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The mission of the Honors College at East Carolina University is to
prepare tomorrow's leaders through the recruitment, engagement, and
retention of exceptionally talented students of character in a diverse
intellectual living-learning community and to challenge them to attain
high levels of academic achievement.
Will Zahran, pictured here receiving the Robert Wright Award at the 2018 ECU Commencement, was named one of four Presidential Scholars by UNC System President Margaret Spellings for the 2018-2019 school year.
Accolades and awards are not foreign to recent East Carolina University graduate, EC Scholar, and Robert Wright Award winner Will Zahran (class of 2018). Now, the biology major and business management minor from Fayetteville can add an appointment as one of the four UNC Presidential Scholars for the 2018-2019 school year to that list of awards.
UNC System President Margaret Spellings announced the appointment of the four new Presidential Scholars Tuesday, July 17. The Presidential Scholars were selected among May 2018 UNC system graduates who demonstrated leadership skills, strong motivation, intellectual curiosity, and independence, according to the release.
“The program is a win-win situation,” said President Spellings. “The scholars help the UNC System do its work while they earn valuable experience in preparation for promising careers in public leadership.”
Zahran learned about the program from the Honors College staff and through watching another fellow Honors College alumnus—Katie Stanley—experience the program after she was named to the 2017-2018 class of Presidential Scholars.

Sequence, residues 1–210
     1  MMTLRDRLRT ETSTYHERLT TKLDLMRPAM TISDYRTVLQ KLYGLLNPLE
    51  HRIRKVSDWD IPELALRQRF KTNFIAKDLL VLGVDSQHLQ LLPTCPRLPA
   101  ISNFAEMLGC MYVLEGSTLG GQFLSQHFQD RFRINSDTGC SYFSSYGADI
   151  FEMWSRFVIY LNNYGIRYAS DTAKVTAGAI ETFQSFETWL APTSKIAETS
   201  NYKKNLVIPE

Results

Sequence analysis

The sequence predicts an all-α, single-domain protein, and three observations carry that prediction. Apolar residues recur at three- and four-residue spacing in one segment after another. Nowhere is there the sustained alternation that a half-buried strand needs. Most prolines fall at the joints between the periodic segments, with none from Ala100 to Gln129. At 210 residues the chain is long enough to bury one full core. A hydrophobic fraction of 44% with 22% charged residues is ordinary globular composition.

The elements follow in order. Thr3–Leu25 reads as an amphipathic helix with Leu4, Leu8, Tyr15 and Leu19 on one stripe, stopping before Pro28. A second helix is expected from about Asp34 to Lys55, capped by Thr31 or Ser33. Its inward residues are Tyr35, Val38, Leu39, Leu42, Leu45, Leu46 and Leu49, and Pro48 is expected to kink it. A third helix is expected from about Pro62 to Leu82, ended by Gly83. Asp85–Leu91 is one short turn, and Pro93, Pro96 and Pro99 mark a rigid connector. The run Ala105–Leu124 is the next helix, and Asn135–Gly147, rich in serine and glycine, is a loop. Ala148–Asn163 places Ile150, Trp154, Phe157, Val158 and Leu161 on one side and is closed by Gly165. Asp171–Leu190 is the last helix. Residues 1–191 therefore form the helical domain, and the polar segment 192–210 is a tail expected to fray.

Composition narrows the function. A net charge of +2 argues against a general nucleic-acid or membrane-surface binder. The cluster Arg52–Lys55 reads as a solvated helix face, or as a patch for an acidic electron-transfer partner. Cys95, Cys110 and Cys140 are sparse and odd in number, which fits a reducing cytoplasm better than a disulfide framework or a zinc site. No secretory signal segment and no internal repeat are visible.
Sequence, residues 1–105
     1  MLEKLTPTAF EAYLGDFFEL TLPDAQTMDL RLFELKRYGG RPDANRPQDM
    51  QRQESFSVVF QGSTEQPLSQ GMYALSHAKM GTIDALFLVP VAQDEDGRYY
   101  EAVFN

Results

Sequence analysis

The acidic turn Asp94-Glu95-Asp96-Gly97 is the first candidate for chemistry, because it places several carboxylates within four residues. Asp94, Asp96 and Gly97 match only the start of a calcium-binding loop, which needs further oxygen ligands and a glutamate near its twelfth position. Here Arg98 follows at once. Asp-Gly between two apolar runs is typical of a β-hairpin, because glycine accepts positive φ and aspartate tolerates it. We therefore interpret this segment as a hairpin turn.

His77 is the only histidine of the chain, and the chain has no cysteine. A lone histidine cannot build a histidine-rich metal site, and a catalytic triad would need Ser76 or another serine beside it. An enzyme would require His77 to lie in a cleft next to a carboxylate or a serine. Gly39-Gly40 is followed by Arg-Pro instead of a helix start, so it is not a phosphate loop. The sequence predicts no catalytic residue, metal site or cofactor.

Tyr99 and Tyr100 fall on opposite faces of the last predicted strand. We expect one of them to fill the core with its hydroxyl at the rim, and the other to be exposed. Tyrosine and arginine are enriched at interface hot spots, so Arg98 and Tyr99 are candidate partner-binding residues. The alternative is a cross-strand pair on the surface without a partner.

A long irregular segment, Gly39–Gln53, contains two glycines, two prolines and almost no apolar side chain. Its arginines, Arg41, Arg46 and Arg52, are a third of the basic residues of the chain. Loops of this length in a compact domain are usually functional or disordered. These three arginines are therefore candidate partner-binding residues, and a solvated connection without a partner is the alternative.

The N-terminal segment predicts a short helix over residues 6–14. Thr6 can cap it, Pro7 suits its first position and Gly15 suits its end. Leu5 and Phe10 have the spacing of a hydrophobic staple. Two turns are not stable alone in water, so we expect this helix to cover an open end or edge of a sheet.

“It was an honor to be named among 3 other impressive recent graduates who are passionate about public service and have already accomplished so much in their respective communities,” Zahran said.
The Presidential Scholars serve a one-year appointment and provide a wide range of professional functions for the UNC System Office. The scholars will regularly interact with senior leadership and members of the UNC System Board of Governors, helping to research, write, and implement policy.
With multiple experiences in higher education administration while at ECU, Zahran said he is interested to learn how big data and analytics are used to inform administrators and policymakers on how to increase student success.
“I hope that this experience will open doors to a number of new jobs and graduate programs across the state where I can plug in,” he said. “Previous Presidential Scholars have found impressive opportunities afterwards, and it is humbling to walk in their footsteps.”
Rising junior EC Scholar Ananya Koripella during her medical fellowship in Greece this summer.